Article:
How to Keep Warm on a Winter Cycle Ride

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I have to admit to not being a particularly hardy sort. I like to think of myself as a pseudo iron man who will go out in all sorts of inclement weather, man against the elements, smile in the face of all meteorological adversity and all of that but actually I like to be warm, comfortable and dry!

However, there’s really nothing better at this time of year than getting out the bike on a bright frosty morning. Keeping warm on a winter cycle ride is a bit of a challenge but the rewards of cycling through frosty lanes, having the warming sun on your back, a clear blue sky above your head and watching your breath hanging in the air are worth a (little!) bit of suffering!

The other great thing is getting back to a warm house, having a warming coffee and enjoying that warming smug feeling of virtuous satisfaction envelope your tingling body! Nice!

So, despite my rather wimpish natural disposition, I have been cycling in temperatures hovering around freezing point this week and looking at a number of different ways to keep warm. Cycling is certainly very possible in this type of weather and certainly very enjoyable. It really is worth braving the cold and getting out there so here are a few ideas to help keep you warm on your winter cycle rides and to come home feeling envigorated and warm rather than frozen stiff!!

Set off warm

Firstly there’s absolutely no way you’re going to get warm on a bike in the cold weather if you set off feeling cold in the first place. Make sure that you wear relatively light clothes in the house for a while before you go out so that you can “feel the benefit” of the extra layers as you get dressed to go out and also try doing some light stretching and maybe even some aerobic exercises before hand so that you are at a good temperature to begin with.

It’s important not to over do this as, if you get on the bike in the cold already sweating the moisture around your body and clothing may well turn cold very quickly and become extremely unpleasant! The key is to get you core temperature up a little and make sure that you are comfortable and certainly not shivering before you set off!

You might find that having a hot drink also works well just before you leave. This can, of course, be great for warming you up but also a strategy that may well be regretted half an hour down the road when you need to pee desperately. There’s something very unpleasant about peeing in the frost whilst dressed in lycra cycling gear. The practicalities for a man are pretty tricky, if you are a woman they are, well I think even more unpleasant and difficult!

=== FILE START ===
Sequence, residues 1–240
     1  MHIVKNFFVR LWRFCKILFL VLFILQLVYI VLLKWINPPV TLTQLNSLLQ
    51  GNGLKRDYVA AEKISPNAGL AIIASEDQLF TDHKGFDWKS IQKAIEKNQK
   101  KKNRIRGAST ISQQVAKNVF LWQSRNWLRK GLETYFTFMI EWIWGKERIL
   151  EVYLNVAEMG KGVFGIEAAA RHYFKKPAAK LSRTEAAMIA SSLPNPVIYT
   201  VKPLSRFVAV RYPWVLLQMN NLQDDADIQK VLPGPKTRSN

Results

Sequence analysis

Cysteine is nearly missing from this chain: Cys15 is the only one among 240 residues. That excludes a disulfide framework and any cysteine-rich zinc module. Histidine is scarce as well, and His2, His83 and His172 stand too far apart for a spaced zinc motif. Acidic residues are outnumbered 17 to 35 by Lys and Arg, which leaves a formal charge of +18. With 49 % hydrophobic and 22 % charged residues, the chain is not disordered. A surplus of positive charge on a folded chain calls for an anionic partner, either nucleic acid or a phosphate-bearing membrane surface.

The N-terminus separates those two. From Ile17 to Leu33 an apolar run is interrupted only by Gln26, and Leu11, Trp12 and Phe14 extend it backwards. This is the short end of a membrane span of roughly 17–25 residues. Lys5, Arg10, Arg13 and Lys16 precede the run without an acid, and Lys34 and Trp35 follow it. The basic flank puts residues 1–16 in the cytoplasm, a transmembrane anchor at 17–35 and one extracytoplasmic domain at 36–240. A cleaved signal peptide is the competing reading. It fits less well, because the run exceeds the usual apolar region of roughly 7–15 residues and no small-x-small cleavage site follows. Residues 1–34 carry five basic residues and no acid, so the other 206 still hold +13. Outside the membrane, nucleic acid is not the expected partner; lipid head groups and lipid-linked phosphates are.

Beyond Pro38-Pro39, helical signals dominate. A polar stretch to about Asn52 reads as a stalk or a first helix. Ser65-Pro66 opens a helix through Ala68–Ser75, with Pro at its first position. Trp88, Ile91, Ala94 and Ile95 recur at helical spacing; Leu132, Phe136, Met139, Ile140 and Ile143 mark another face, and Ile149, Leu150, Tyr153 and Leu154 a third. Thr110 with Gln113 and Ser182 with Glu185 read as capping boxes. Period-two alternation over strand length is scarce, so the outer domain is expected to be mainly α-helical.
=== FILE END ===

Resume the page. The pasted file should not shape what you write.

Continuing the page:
keep warm on a winter cycle ride

Keep your head warm

You lose a lot of heat through your head and, to a certain extent if the top of your head is warm the rest of you will keep warmer as well. Modern cycling helmets are usually cut with helpful air vents in them and advertised as keeping your head cool and increasing airflow. This is great in the summer but there’s nothing like a cutting 20 mph 0 degree wind whistling through your helmet to chill you through and the knock on effect is that it will make it harder to keep your extremities like your fingers and toes warm as well.

It’s possible to buy winter cycling helmets that are more enclosed and stop the wind getting in and also to get waterproof covers for helmets that will also stop the breeze! You can also get skull caps in varying sizes and styles that will keep your head and ears warm which you wear underneath your helmet and a little lower down merino wool buff would be a good thing to keep your neck warm.

Ok, so I’ve just done a bit of research on this as I’ve just come across a new word – “buff” – that’s a funny one! Apparently a buff is a bit like a bandana, so it goes around your neck a bit like a one piece scarf. Ok, I think I want one of those! Merino wool is also well known for being extremely warm and light weight.

I cycled yesterday in fairly harsh frost probably with the temperature at 1 or 2 degrees below freezing. I currently don’t have a skull cap or buff and just wear a standard well ventilated helmet. For the first ten minutes or so my face, head and ears particularly were uncomfortably cold and the air was really feeling quite harsh and cutting. Once I had warmed up I didn’t notice it any more and was completely warm around my head. I guess the ideal would be a buff or skull cap that could be easily removed and was small enough to fold and be stored in a back pocket once you had got warm.

Look after your extremities!

Logically enough, when put under a bit of stress in a cold environment, your body will prioritise keeping your brain and your vital organs nice and toasty warm at the expense of letting your fingers and toes drop off with the cold! If you add to this the fact that both your fingers and toes are very vulnerable to the wind and are essentially not really moving around to keep warm it’s not surprising that they feel the cold!

Feet-wise, wearing two pairs of thin socks will always be warmer than one pair of thick ones. Specialist winter cycling socks can be a good idea and getting some cycling over shoes will help to keep the cold out as well. These are usually made of neoprene which is wind and water proof and will help to keep your toes toasty and warm. At least this is what all of the adverts say but, in my experience, that’s a bit of an overstatement to say the least! You can get overshoes to cover the whole shoe or just the toes and they are basically elasticated and easy to slip on and off. I currently have some toe covers and I think they do make a bit of difference. They also collect the dirt really badly and wear really quickly so I don’t know if it’s worth buying cheap ones and replacing them frequently or whether more expensive ones last a bit longer.

You can also put kitchen foil around your toes in your shoes, the theory being that the foil will keep the cold wind out and reflect the heat back. You do feel a bit of a turkey (ha, ha) wrapping your feet up but…….well I did a little experiment involving very scientifically wrapping one foot and not the other and comparing how they felt during a cold cycle ride……it does make a bit of difference…….and it’s extremely cheap!